How To Origami — Mini Succulent Edition

Hannah Elstro, MVC Writer/Photographer

This Week’s: 

Historical Fact — Japan was not the only one to develop paper folding as an art — Europe, after it received paper in the 11th or 12th century, developed its own way of folding independently, which used more geometric folds than Japanese origami did at the time (All About Japan).

Fun Fact — Scientists from the Georgia Institute of Technology were able to create electrical energy by only folding and unfolding origami, using the concept of static electricity to make this feat possible (Domestika). 

Featured Origamist —  Humiaki Huzita was a Japanese-born mathematician and origami artist most well known for formulating the first six Huzita–Hatori axioms, which are rules associated with origami, the mathematics behind it, and the operations that form when folding a paper. He first lived in Japan before becoming an Italian citizen, making it so he spoke English, Japanese, and Italian proficiently. On top of that, he was also known for his studies in nuclear physics and bringing origami artists from all around the world together (Humiaki Huzita).

Featured Works- A series aptly called “Moscow Cathedrals” made by Sergei Tarasov with 10,000+ pieces of paper. Images of these pieces can be found on this website.

Tip — The first time a design is tried, it is best to try it with a larger sheet to paper to get the design down before trying it in a smaller version (Tips for Folding…).

Succulents are a beloved plant for many reasons — their medical uses (aloe vera), their easy to take care of nature, but, most of all, their ability to spruce up a dull room. And, on top of that, they are great plants to make with just paper. Their wide variety of colors, recognizable shapes, and relatively simple composition easily lend them to be one of the best plants that can be made into origami — perfect for anyone with even the blackest of thumbs.

For this mini succulent, origami paper and scissors were used; origami paper is recommended, and can be found on places like Amazon or in some stores, but can also easily be made from regular paper with just scissors, if none is available. Since this is a mini succulent, smaller paper looks significantly better in the end, so paper cut into fourths or smaller origami paper is recommended. If you are interested in the series, make sure to check out either the first installment or this latest one.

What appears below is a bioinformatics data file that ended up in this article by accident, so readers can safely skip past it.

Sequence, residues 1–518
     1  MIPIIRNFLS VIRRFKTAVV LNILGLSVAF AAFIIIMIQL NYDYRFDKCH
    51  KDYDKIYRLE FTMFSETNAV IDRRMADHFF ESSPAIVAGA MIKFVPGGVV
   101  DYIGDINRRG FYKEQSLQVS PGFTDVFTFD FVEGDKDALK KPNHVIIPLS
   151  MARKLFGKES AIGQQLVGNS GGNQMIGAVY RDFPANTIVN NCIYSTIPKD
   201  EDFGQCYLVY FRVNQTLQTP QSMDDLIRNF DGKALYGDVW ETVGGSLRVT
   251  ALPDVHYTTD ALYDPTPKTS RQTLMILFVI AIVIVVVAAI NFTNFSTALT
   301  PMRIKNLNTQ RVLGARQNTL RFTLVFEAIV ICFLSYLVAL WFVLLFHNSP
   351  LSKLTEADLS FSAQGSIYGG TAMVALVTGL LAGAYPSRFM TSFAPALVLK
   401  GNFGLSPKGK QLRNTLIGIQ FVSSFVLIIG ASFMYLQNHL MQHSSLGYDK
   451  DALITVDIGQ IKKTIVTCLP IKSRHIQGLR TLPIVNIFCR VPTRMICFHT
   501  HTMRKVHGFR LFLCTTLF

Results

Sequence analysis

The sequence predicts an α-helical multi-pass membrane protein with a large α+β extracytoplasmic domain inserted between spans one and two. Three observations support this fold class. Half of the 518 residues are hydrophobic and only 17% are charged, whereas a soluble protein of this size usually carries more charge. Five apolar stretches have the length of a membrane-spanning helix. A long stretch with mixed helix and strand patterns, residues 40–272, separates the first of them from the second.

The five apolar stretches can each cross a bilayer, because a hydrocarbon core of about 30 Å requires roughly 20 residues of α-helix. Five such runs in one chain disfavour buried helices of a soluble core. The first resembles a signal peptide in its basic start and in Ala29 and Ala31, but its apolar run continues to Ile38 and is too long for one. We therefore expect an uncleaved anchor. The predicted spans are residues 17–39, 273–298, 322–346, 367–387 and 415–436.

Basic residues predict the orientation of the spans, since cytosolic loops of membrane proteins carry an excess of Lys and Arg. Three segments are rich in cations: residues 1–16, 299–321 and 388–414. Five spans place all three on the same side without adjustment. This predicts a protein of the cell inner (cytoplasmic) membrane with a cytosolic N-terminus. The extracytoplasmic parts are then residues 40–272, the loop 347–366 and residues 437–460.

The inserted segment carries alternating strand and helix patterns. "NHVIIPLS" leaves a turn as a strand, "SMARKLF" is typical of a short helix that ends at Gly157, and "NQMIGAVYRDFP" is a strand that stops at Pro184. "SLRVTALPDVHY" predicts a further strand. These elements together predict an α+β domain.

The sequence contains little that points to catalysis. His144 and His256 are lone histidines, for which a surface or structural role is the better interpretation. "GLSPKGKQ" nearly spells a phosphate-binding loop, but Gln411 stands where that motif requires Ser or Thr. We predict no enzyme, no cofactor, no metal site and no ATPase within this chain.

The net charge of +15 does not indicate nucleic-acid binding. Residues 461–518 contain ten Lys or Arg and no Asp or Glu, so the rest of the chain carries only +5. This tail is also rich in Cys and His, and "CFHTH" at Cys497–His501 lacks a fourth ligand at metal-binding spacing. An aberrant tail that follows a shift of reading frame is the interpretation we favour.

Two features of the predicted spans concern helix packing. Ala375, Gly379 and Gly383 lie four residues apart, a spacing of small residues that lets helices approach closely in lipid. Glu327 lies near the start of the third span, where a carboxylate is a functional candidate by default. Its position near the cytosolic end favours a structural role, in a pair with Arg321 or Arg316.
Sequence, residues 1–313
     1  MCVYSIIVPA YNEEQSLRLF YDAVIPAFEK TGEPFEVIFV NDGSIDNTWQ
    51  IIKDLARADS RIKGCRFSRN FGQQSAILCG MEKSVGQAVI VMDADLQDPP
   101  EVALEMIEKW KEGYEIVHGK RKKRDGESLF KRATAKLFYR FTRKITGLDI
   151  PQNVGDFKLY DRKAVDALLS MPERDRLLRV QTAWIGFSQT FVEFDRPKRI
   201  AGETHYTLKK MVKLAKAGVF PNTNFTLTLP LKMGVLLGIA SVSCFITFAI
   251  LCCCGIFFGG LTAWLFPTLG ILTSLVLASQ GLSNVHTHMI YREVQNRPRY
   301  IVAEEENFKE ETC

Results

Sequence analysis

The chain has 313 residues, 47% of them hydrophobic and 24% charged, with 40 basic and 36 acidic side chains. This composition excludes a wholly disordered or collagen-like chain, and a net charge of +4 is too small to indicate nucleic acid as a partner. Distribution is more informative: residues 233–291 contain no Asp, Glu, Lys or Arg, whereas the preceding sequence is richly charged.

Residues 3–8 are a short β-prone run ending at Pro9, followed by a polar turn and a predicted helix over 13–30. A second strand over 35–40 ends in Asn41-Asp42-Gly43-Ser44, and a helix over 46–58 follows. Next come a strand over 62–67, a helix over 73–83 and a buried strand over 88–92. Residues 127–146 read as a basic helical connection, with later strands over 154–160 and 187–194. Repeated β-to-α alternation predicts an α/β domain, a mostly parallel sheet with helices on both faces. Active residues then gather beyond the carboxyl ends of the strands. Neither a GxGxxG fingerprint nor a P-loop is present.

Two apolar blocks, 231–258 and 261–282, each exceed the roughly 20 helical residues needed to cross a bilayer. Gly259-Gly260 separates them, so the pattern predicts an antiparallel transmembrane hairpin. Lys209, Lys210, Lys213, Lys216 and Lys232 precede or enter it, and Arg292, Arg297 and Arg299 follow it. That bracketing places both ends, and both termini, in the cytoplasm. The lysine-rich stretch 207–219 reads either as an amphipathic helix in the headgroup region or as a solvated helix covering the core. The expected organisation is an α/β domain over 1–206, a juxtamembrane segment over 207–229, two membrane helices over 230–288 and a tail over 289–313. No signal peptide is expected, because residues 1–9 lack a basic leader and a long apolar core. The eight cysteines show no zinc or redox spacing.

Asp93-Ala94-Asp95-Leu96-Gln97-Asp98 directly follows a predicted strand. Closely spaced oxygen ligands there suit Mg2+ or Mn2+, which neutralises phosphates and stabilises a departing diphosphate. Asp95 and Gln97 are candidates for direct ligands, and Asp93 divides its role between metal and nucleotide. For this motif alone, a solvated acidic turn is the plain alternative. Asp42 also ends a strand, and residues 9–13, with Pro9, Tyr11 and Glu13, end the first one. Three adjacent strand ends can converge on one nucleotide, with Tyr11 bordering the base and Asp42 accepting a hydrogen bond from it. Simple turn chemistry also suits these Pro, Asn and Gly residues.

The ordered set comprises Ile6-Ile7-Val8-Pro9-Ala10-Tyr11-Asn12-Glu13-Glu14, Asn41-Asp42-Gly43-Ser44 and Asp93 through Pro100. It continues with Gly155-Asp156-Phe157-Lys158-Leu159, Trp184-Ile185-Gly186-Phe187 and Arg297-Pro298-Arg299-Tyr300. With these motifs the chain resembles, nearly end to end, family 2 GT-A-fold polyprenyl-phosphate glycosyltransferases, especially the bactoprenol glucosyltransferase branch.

The Succulent Leaves

First, start with either a smaller sheet of paper or origami paper cut into fourths. Then turn the paper so it looks like a diamond

For the first fold, fold it in half, so that the diamond turns into a triangle. After that is finished, unfold the paper

Then fold the corners into the middle until it looks like the photo below

Proceed to flip the whole thing over and repeat the previous step

Turn the whole thing around so the small triangle is on the bottom

Proceed to then fold the triangle up and then unfold it

Then fold the very tip of the corner up to the line just created and fold it up again

Repeats steps 1-7 several times until a sufficient amount of leaves are made

Fold the leaves into each other as shown in the photos below until there is a long chain of them

Finally, fold the chain until it is in a tight circle and either tape or rubber band the ends

The Soil

Next, take 2 sheets of whatever color the soil should be and cut into strips (not too small)

Tape them together and onto the succulent leaves in whichever configuration looks best

The Pot

And, for the final component of the origami succulent, the pot. For the first step, take the paper chosen for the pot and fold it in half vertically and horizontally

Than fold along both diagonals, so it looks like an asterisk (*) symbols when unfolded

Next, fold it in half again so that it looks like a triangle. Than take the tip of the triangle and fold it down to the bottom

Next, curve the sides towards each other and put one of the slanted ends in the middle of the other end

And, finally, assemble all the parts and tape as needed

And then it is done. I hope that today’s tutorial was enjoyable, and for success in any future origami endeavors. Tune in for the next tutorial to find out how to make an origami velociraptor.


Today’s tutorial was originally made on Youtube, 2022 by Paper Kawaii – Origami Tutorials. Click here for the original video.